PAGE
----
The Sublingual Gland of the squirrel monkey is illustrated in the electron micrographs at right. Figure A depicts a number of typical secretory acini made of Mucous Cells. Each grape-shaped Acinus appears round in cross section and consists of many Mucous Cells arranged around a small central lumen (L). On the very outside of each Acinus sit one or two highly specialized contractile myoepithelial cells (arrow), frequently called basket cells. Each Myoepithelial Cell, shaped rather like an octopus, has its tentacle-like cellular extensions wrapped around the outside of the Acinus. Under appropriate conditions of neuronal stimulation, the myoepithelial cells contract, expressing the salivary secretions into the small Intercalated Duct (1) that leads from each Acinus. The myoepithelial cells, which are quite similar to Smooth Muscle cells, are spread so thinly that they are hard to see in low-magnification photomicrographs. In Figure A, they look like thin black lines and are most obvious around the perimeter of the Intercalated Duct (arrows, I).

The intercalated ducts lead to secretory ducts (SD), shown in Figure B. The histologic hallmark of the Secretory Duct is its very high density of Mitochondria (Mi), which are for the most part aligned parallel to the long axis of the columnar cells that make up the duct's wall. When viewed at high magnification with the light microscope, these parallel, vertically oriented Mitochondria appear as stripes, or striations. For this reason, secretory ducts are often called striated ducts. The Mitochondria are intimately associated with the extensive basal infoldings of the Plasma membrane of the cells of the Secretory Duct. Most cells with this configuration are active ion pumps - cells that pump ions against a concentration gradient, a process known as Active Transport. The cells of the Secretory Duct modify the saliva considerably, adding ions and water to the material produced by the acini. The water and ions are obtained largely from the blood circulating through the capillaries (C) that travel along the length of the duct.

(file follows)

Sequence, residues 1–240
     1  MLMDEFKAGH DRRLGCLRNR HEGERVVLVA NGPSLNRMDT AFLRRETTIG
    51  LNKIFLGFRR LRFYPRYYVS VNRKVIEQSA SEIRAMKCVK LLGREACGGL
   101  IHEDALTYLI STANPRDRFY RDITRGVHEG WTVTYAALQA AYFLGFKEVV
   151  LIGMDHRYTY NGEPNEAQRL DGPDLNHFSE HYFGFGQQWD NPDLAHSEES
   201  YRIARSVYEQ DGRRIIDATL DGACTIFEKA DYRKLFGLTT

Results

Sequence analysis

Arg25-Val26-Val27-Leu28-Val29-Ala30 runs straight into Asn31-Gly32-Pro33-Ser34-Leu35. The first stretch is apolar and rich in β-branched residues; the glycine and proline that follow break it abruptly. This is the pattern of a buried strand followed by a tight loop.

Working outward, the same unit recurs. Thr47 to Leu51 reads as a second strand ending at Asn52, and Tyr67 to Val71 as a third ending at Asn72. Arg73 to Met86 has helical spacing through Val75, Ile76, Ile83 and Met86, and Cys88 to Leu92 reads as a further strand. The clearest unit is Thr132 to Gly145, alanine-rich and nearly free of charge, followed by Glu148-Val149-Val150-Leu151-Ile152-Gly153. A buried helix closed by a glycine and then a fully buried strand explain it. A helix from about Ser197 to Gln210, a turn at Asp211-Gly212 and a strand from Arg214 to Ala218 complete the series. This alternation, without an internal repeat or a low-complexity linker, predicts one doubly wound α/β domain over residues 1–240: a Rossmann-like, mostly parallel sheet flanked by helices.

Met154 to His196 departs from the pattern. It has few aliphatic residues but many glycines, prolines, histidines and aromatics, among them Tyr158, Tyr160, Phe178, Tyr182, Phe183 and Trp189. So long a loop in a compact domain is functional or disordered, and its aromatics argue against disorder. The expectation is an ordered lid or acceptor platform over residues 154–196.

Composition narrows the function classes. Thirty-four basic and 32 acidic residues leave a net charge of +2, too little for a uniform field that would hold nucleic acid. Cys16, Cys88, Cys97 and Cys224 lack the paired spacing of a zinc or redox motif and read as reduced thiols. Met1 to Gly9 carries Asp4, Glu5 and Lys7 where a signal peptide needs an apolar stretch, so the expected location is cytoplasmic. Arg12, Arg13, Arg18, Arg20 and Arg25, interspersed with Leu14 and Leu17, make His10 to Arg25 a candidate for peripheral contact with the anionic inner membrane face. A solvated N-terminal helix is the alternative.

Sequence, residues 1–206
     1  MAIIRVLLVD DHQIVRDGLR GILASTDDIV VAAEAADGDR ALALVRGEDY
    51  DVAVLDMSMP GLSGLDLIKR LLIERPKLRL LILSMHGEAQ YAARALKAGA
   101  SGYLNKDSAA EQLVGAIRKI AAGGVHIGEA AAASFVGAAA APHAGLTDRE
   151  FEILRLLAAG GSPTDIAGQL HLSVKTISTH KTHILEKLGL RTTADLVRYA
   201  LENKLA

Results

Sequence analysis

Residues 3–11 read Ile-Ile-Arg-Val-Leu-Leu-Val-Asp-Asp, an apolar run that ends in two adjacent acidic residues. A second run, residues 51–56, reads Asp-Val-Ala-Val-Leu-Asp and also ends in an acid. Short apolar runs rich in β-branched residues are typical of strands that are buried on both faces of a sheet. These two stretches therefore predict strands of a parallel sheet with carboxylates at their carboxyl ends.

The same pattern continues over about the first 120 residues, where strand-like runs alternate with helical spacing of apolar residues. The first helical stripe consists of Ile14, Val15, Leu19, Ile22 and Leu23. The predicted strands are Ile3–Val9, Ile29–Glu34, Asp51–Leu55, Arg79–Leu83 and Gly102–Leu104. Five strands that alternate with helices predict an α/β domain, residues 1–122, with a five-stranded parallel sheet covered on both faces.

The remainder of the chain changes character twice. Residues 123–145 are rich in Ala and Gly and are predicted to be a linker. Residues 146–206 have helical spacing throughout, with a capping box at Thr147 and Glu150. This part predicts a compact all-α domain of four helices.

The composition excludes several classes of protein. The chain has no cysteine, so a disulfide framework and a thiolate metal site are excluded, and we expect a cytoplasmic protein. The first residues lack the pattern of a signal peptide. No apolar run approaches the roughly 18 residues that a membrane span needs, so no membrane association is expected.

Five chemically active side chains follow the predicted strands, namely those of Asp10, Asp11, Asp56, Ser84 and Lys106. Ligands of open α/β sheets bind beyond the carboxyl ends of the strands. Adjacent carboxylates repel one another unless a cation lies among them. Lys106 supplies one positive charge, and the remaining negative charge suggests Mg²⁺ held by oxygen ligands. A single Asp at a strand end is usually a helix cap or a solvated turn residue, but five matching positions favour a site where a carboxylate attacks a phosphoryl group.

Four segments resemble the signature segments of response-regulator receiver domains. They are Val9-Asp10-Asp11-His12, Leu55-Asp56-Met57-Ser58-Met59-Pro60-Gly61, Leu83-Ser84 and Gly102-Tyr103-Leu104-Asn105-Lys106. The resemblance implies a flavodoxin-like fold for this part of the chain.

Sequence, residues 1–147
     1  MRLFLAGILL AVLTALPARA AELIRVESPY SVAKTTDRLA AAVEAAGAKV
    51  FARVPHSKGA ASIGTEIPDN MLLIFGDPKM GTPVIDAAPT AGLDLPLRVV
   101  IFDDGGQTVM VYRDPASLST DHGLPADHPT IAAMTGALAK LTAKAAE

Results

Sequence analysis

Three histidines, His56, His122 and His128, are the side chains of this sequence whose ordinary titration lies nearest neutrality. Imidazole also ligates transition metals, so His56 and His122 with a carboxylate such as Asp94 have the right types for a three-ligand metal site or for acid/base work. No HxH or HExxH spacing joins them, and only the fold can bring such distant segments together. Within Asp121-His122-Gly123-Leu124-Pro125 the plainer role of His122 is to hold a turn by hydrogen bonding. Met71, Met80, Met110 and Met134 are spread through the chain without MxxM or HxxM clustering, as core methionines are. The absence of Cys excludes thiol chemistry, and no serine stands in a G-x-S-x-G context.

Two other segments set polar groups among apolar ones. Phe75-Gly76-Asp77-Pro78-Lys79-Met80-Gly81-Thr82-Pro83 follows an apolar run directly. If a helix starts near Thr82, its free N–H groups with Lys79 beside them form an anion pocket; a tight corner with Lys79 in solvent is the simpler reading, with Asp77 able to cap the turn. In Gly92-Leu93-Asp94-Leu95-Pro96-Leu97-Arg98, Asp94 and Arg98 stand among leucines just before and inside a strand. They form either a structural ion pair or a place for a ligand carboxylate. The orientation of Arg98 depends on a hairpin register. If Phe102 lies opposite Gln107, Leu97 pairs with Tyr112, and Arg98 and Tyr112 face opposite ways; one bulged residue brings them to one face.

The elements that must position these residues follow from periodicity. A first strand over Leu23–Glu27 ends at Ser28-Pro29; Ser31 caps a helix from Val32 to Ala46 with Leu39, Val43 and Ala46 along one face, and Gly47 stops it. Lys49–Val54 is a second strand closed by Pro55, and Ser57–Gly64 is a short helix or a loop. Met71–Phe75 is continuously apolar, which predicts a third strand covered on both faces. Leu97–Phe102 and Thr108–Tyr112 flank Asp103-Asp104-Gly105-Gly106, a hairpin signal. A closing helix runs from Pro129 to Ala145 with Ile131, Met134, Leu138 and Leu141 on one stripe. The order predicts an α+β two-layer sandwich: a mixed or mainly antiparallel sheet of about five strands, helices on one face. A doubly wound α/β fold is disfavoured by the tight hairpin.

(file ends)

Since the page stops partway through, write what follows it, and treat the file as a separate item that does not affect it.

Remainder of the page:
In the image in Figure B, several unusual-looking secretory acini lie next to the Secretory Duct. These mixed acini contain both mucous (M) and serous (S) cells. The Mucous Cells are clustered about the center of the Acinus. The Serous Cells are arranged in a crescent around the Mucous Cells and are frequently called serous demilunes because of their half-moon shape. The serous cells look quite different from the purely serous acini, such as the Acinus depicted in Figure C. Here, each of the Serous Cells is shaped like a pyramid. Its broad base contains the Nucleus (Nu), many stacked Cisternae of the rough Endoplasmic Reticulum (RER), and a well-developed Golgi Complex (G). The secretory vesicles (V) produced by the biosynthetic apparatus are clustered together in the narrow apical pole of the cell, ready to be released into the tiny lumen (L). Small capillaries (C) and nerves (N) pass close by. When viewed with the electron microscope, the secretory cells of serous acini clearly contain all the organelles necessary to produce large quantities of protein for export. They look quite similar to the secretory cells of the exocrine pancreas.

Salivary Gland

Plate 12-5

Plate 12-5, Figure A. Electron micrograph of mucous acini of the Sublingual Gland of the squirrel monkey. C, capillary; I, Intercalated Duct; L, lumen of Acinus; arrows, Myoepithelial Cell. 1,850 X

Figure B. Mixed acini of same Sublingual Gland shown in Figure A. C, capillary; M, Mucous Cells; Mi, Mitochondria; S, serous demilune; SD, Secretory Duct. 1,000 X

Figure C. Electron micrograph of serous Acinus from squirrel monkey Sublingual Gland. C, capillary; G, Golgi Complex; L, lumen; N, nerve; Nu, Nucleus; RER, rough Endoplasmic Reticulum; V, secretory vesicles. 5,200 X